“Fair Workweek” legislation, passed today by the New York City Council, will improve working conditions for thousands of low-wage workers by giving them more predictable schedules, helping part-time workers gain more hours before others are hired, and banning abusive practices like “clopenings” for fast food workers working consecutive shifts that require them to close the store and then return hours later to open it. The Community Service Society applauds the leadership of Mayor de Blasio and the City Council in championing legislation that will provide workers in the retail and fast food sectors with opportunities for upward mobility and more stable lives.
Currently, many low-wage workers struggle to manage work and home responsibilities in the face of unstable schedules that vary from week to week in terms of hours and days, and often change on less than 24 hours’ notice. CSS’ Senior Economist, Harold Stolper, testified at the City Council Hearing on Fair workweek scheduling, highlighting findings from CSS’ recent report, Unpredictable; How Unpredictable Schedules Keep Low-Income New Yorkers from Getting Ahead. The findings—based on CSS’ own scientific survey, the Unheard Third–illustrated how widespread some of unpredictable scheduling practices are for workers in New York City, especially for low-wage workers in the retail and restaurant sectors. CSS’ research also documented the many hardships caused by these unpredictable schedules: for example, low-income workers with unpredictable schedules are more than three times as likely to lose their job as those with stable schedules because the scheduling was too unpredictable, and more than two-thirds with unpredictable schedules had trouble paying their rent and regular bills.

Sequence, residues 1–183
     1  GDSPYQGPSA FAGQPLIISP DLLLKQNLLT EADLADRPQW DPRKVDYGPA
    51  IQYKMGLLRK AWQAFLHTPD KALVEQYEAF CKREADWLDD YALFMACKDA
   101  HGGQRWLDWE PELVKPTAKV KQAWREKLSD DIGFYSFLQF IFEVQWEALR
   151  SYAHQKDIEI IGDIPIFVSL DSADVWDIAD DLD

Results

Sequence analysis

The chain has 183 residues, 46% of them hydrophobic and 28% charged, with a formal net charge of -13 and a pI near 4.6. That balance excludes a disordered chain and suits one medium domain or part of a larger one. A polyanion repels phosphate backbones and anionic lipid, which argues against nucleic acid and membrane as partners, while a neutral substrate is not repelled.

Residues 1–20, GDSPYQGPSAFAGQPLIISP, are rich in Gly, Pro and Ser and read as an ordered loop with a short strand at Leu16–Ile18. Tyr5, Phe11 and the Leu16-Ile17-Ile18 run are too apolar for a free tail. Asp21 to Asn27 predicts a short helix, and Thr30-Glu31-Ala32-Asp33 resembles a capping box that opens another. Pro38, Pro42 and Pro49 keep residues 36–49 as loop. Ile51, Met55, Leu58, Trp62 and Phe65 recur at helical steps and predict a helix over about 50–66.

These bills are a critical first step to providing more economic opportunity to workers without placing unnecessarily burdensome restrictions on businesses—businesses that sometimes operate under conditions that change on short notice, but now must also compensate workers who are burdened by these last-minute changes.
We look forward to continued efforts on the part of the Mayor and City Council to expand these same scheduling protections and enact policies that promote increased hours for all low-wage workers, not just those in the in the fast food and retail sectors.